By Rhian Ellis
Professor Richard Owen, from the Hilary Rodham Clinton School of Law, recently presented a great ‘7 Characteristics of a Good University Teacher’ seminar at SALT.
In this very enjoyable and well-attended session, Richard explained how and why he has taken an ‘experiential learning’ approach in his teaching and what its benefits have been. His initiatives speak strongly to Chickering and Gamson’s ‘Seven Principles of Good Undergraduate Education’ which Richard illustrated through several examples of his own teaching practice.
What is Experiential Learning?
Richard drew on Felicia’s (2011) definition,
experiential learning is the process of learning through experience, and is more specifically defined as learning through reflection on doing
Higher education teachers may also be familiar with Kolb’s ‘experiential learning cycle’, which is typically represented by a four-stage learning cycle, in which the learner ‘touches all the bases’ from concrete experience, on to reflective observation, abstract conceptualisation and active experimentation.
Richard also quoted that the words of the ‘grandfather of experiential learning’, John Dewey, which remind us of the value of direct experience.
Or in Richard’s words,
Learning comes to life when you have some way of relating it to your own experience
What are the main drivers of experiential learning?
Richard discussed six influences, among many current drivers.
Richard also spoke of how experiential learning allows teachers to move into the affective domain, which is important as one in three lawyers report the experience of mental health issues linked to their work.
Experiential learning opportunities help prepare students for the challenging nature of the legal profession, raising self-awareness of the emotional challenges. The soft and interpersonal skills that are vital in professional practice can be learned in practical, creative, engaging and effective ways, with reflection and staged progress.
What aspects of Richard’s teaching are experiential?
Richard is the Director of The Swansea Law Clinic. His approach to learning and teaching includes:-
- simulated activities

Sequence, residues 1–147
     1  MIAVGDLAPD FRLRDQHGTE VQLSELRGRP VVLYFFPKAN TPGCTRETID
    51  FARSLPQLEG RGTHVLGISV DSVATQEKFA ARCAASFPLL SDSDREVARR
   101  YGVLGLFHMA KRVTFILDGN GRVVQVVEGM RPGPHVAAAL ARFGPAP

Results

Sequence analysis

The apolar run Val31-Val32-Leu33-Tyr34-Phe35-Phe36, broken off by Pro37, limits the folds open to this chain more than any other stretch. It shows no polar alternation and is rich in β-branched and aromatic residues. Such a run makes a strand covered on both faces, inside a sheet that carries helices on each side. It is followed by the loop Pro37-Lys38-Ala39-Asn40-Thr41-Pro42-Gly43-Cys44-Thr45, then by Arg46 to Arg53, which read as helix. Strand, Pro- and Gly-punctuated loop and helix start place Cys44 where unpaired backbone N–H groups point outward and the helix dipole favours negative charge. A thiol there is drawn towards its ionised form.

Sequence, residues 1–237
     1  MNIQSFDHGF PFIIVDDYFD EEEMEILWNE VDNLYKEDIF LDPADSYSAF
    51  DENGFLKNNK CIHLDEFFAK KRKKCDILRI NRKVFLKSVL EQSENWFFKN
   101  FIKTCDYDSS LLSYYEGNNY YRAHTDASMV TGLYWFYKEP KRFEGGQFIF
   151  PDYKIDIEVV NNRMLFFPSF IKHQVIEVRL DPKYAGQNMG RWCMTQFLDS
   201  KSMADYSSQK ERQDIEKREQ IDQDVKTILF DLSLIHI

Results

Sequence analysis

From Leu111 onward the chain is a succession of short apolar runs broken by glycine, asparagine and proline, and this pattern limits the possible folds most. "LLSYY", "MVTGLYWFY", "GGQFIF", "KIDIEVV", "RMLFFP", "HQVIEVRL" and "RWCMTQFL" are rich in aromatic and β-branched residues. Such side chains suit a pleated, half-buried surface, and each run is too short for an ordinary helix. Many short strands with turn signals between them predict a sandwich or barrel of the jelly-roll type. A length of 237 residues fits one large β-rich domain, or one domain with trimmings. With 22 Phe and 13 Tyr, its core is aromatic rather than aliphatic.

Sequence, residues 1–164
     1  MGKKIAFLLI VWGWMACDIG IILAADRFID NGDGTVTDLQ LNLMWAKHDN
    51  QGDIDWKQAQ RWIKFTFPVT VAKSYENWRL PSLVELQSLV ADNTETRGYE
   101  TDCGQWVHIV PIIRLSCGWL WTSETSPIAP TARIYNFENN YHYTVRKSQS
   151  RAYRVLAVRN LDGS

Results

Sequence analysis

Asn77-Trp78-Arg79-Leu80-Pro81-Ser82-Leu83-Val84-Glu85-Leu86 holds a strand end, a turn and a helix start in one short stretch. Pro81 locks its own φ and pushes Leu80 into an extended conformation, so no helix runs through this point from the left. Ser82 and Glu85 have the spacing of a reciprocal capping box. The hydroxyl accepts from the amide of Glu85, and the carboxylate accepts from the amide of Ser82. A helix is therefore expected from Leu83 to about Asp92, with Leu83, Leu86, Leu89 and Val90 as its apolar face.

- real client experience
- community engagement
Inspired by practice-led teaching in Australia and the USA, Richard feels it is important to focus on preparing students for professional practice at an early stage of their legal education. Upon his appointment as Swansea Law Clinic Director, he introduced projects such as ‘Miscarriage of Justice’, which was the first Clinic project to start in 2017. It works with clients who have exhausted all avenues of the criminal justice system, but doubts remain over their conviction.
Louise Shortner from ‘Inside Justice’ said that the project brings a
real hands on approach to students’ learning and supports students by working in collaboration with legal and forensics that really empowers them
- The Swansea Law Clinic’s Annual Report 2017/18 features more on this and other projects in its first year of operation.
- Richard himself was a finalist in the UK’s Law Teacher of the Year, a prestigious national award, sponsored by Oxford University Press.
How do these experiential learning opportunities demonstrate the ‘7Cs’?
Richard structured the middle section of his talk around the way in which the Swansea Law Clinic’s teaching and learning projects demonstrate all seven of Chickering and Gamson’s characteristics or principles.
You can find out more by watching the full recording of the session on this link to SALT TV
Richard closed his session by considering forms of experiential learning in disciplines other than law, which prompted some really interesting questions and discussion after the filming had finished.
This event was a great opportunity for the ‘cross-fertilisation’ of ideas across different colleges and schools at Swansea University. If you’re a Swansea University teacher who, after watching the recording, has questions of your own, please do get in touch via me at SALT!
Perhaps your own practice could even be featured in the ‘7Cs’ programme!
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